Matthew Pearl shows glimpses of what kind of book he could write, says Allan Massie
When a novel appears with a recommendation from Dan Brown, who calls Matthew Pearl “an unusually gifted author”, some readers will be immediately attracted. Others who regard Dan Brown’s he bestseller, The Da Vinci Code as a farrago of unmitigated nonsense, will equally surely be repelled. Mr Pearl is more literate than Mr Brown, nevertheless The Last Bookaneer is, for the most part, pretty fair nonsense too. Nevertheless Pearl’s previous novels, some of them with a literary theme The Last Dickens, The Dante Club and The Poe Shadow are also described as bestsellers, even if not quite on the Dan Brown scale. Pearl, like, it seems, nine out of ten American novelists today, teaches or has taught, Creative Writing to aspiring university students. So it is not surprising that his novel is somewhat tricksy and clever, or at least sets out to be clever.
A word on the title first. A bookaneer is apparently a literary pirate, sometimes dealing in stolen manuscripts, more often acting as an agent for foreign, and especially American, publishers in the days before there was international copyright to protect authors. Nineteenth century novelists such as Scott, Dickens, Thackeray and Stevenson all suffered from the willingness of American publishers to bring out pirated editions of their work from which they earned nothing. The unhappy authors regarded this as theft (as indeed it was and, if we are to believe Mr Pearl, his bookaneers were unscrupulous criminals active in the book trade. I had thought the word his own coinage, but in an end-note he attributes it to the poet Thomas Hood, writing in 1837. Since however neither Chambers nor the OED has any record of the word, it may be that Mr Pearl indeed deserves the credit, and that the Hood attribution is a spoof.)
The novel begins in the dining-cars of an American train where Clover, a young mixed-race steward with a taste for reading encounters an old Englishman who pushes a cart through the train selling books to customers. This is all rather nicely done. Then one day, off-duty, Clover meets the old bookseller in a court-house where the accused, described as a mulatto, addresses him with an appearance of anger or reproach in a foreign tongue. This leads the bookseller to tell the story of his dealings with the bookaneers.
The scene shifts to London where we encounter the most famous of the bookaneers: Whiskey Bill, Pen Davenport, described as a criminal genius, the Frenchwoman he loves who is known as Kitten, and the utterly sinister and fearsome Belial. None of this this is very convincing, or indeed interesting. Mr Pearl’s London is very much second or even third-hand, and it requires a considerable suspension of belief to accept that the book trade is peopled by quite such dangerous criminals.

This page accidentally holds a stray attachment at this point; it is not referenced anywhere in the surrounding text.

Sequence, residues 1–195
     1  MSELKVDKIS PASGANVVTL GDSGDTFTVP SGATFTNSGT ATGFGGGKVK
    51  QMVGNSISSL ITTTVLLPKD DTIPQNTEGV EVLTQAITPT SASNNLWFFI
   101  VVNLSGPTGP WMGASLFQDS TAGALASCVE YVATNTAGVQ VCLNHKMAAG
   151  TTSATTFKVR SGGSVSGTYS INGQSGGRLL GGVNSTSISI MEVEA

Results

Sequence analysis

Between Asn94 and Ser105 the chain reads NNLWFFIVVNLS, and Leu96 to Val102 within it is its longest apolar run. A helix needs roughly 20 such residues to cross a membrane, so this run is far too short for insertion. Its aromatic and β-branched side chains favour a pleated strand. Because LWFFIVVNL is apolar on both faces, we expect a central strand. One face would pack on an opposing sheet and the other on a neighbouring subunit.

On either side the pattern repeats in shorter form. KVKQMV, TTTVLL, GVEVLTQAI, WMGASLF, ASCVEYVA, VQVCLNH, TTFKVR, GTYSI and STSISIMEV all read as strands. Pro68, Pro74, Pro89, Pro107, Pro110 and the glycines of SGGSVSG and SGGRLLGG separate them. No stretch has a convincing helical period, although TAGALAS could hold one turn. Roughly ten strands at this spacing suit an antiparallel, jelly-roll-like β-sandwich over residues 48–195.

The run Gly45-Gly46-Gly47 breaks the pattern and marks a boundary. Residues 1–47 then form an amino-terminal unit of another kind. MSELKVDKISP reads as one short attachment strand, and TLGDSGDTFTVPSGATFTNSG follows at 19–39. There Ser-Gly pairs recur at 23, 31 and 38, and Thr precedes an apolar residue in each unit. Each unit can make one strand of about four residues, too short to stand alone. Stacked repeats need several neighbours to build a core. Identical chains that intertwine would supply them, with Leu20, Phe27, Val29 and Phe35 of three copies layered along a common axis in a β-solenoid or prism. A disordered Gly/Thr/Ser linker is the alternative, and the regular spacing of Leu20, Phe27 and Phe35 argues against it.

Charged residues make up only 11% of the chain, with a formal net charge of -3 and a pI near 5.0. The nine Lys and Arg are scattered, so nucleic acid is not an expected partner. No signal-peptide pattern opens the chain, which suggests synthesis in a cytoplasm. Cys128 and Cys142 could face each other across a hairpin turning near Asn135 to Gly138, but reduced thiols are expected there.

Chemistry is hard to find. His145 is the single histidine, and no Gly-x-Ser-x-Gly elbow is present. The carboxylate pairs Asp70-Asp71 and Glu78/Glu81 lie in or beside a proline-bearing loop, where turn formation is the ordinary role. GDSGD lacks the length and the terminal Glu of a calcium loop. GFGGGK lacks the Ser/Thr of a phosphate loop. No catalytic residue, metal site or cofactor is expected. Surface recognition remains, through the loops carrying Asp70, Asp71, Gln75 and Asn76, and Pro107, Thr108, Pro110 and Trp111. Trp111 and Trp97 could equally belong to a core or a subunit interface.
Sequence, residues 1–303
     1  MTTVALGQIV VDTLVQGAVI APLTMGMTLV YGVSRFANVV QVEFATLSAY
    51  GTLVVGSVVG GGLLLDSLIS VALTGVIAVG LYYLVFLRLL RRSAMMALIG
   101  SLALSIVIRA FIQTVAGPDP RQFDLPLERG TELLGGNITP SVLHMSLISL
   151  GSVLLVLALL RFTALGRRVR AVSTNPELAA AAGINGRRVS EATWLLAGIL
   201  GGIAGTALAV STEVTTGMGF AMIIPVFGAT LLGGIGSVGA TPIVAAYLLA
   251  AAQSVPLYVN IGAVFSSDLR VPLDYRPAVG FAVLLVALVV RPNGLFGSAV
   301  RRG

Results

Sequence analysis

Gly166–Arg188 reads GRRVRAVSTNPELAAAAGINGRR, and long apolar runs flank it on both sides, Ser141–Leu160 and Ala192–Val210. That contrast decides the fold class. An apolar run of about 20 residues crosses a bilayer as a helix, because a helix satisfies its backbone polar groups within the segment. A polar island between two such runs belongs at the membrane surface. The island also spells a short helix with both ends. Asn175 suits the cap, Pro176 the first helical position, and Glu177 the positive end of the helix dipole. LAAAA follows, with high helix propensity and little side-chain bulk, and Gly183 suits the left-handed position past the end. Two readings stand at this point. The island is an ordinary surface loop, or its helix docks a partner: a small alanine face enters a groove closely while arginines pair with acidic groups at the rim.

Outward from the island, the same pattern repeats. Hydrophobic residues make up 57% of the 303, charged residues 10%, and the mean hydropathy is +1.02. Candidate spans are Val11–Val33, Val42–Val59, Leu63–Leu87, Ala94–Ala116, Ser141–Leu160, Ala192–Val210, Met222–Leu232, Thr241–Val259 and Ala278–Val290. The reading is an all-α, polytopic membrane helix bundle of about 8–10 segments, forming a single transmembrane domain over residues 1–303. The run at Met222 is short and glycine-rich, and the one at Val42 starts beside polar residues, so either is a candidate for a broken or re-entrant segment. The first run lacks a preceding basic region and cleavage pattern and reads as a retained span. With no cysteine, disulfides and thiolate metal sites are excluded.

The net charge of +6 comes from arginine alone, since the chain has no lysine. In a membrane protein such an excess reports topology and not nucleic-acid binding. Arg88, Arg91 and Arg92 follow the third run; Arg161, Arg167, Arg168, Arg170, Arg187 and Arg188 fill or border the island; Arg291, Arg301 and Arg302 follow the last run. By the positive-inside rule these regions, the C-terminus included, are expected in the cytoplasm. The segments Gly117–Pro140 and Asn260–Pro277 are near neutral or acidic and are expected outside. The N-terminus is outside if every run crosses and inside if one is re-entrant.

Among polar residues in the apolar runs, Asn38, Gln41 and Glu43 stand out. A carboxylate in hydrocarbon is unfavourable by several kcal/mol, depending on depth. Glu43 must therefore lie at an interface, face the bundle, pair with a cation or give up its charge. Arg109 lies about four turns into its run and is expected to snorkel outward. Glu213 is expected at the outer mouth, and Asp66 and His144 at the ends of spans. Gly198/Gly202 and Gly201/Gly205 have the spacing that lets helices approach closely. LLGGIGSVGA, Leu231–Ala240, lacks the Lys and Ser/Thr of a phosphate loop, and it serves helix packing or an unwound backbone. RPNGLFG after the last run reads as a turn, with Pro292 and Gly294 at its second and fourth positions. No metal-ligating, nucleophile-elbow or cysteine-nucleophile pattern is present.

The word is, however, that in Samoa, in the South Seas, Robert Louis Stevenson is terminally ill while at work on what is believed to be his masterpiece. So the bookaneers set off in pursuit. The Samoan section is very much better than the London one, principally because Pearl now has interesting material to draw on – biographies of Stevenson and Stevenson’s own writings on Samoan politics and the ambitions of German colonists and administrators. The depiction of Stevenson is conventional, though I don’t know what evidence Pearl has for Stevenson’s declaration that The Strange Case of Dr Jekyll and Mr Hyde was his worst book. The assumption that Stevenson was suffering from a terminal illness is false. Though often weary and depressed and harassed by family quarrels and his intervention in Samoan politics, Stevenson was actually in better health than for years. The cerebral haemorrhage which killed him came, as this usually does, suddenly and without warning. Much of the Samoan section is quite enjoyable, though the bookaneers’ rivalry and plotting remains unconvincing and therefore uninteresting.
Much of the writing is fairly dreadful: “Kitten, you ought to know, was a thing of beauty. I choose the word with the care a poet might, for the thing that made her irresistible was vague...” She “did not subscribe to society’s usual dictates to women, except, of course, when she assumed a role for the purpose of bookaneering”. It really won’t do, any more than when on the next page Kitten tells the narrator that “the stereotype plates Pen wanted have been moved to a catacomb under an old circulating library up north.”Catacombs indeed; perhaps this accounts for Dan Brown’s admiration.
Of course it might be said in Pearl’s defence that this is all harmless fooling and that there is nothing here to be taken seriously. Certainly there is little that can be taken seriously by any but the most naïve and credulous reader. Yet what is irritating is first the pervasive note of literary pretentiousness; second the implication that the reader is expected to take it all more seriously than the author does, for one senses a certain condescension as if Mr Pearl’s tongue is firmly in his cheek; and third, the suspicion, alerted by a few passages, that he could write a better novel, true to both experience and imagination, if he set himself to do so. Of course such a novel would probably not be a bestseller, and might provide less material for discussion in his Creative Writing classes. But it might be worth reading, which The Last Bookaneer sadly isn’t.